[Thanks to John King Tarpinian, Olav Rokne, Andrew Porter, Kathy Sullivan, JJ, Mike Kennedy, Tom Comitta, Martin Morse Wooster, Michael Toman, John Hertz, Chris Barkley, and Cat Eldridge for some of these stories. Title credit goes to File 770 contributing editor of the day OGH.]

Pixel Scroll 8/16/20 I Holler As I Overturn Mike’s BBQ And Turn The Pixel Of Scroll Into, Uh, Something Something

(1) THE POSTMAN RINGS FIRST. David Brin can be good at thinking things up – and he’s put his creative powers to work to support the US Postal Service: “Going Postal? And the ‘TOC’ you want… the book no one has read.”

Below, find the TOC you’ll want to tick… the Table of Contents of a book that might help…. but first… yes, there are countless times I’d prefer to be wrong!  Especially when it comes to the predictions made in THE POSTMAN!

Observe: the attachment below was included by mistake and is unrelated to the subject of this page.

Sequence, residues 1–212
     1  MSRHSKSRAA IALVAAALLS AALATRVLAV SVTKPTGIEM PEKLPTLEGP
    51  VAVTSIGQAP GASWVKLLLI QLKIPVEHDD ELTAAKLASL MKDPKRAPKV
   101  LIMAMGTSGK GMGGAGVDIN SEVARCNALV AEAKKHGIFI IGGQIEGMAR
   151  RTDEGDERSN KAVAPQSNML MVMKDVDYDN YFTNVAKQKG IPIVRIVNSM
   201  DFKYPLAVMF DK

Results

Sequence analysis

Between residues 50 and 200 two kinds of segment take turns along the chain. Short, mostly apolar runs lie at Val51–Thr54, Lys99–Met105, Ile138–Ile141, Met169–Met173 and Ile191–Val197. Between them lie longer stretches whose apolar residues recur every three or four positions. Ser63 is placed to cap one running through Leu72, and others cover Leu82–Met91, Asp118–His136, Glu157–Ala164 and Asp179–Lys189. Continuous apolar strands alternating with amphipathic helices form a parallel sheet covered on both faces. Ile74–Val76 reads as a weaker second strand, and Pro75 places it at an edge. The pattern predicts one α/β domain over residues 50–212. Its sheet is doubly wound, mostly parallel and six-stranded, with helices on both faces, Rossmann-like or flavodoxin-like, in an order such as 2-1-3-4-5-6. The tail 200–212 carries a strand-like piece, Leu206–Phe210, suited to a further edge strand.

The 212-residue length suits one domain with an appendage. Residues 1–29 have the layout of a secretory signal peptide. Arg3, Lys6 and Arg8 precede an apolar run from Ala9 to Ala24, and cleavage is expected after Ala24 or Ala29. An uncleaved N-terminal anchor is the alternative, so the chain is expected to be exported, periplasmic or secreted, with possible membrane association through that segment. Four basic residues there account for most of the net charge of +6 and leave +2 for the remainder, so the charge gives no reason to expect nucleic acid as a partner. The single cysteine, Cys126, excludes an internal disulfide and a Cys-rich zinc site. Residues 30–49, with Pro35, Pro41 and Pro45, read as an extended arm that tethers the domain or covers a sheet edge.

TIME Magazines called EARTH one of “8 best predictive novels,” and there have been many other hits. But I always figured that my portrayal of lying-betraying-prepper “Holnists” in THE POSTMAN would prove to be artistic exaggeration — not a how-to manual for evil and treason.

Just as Adolf Hitler described his approach in Mein Kampf — and no one took him at his word — Nathan Holn is recalled having laid it all in the open… but Americans didn’t believe anyone would so baldly offer such a despicable program. The warning went unheeded till it was too late. 

Likewise, Donald Trump has said publicly that his attack on the U.S. Postal Service is intended directly to interfere in the election. Of course crashing USPS also undermines rural America, a major part of the GOP base. So how is this supposed to benefit Republicans? The answer is… it’s not. Chaos and dysfunction are the goal. To Trump’s puppeteers, it doesn’t matter if he loses, so long as America dissolves into bitterness and pain.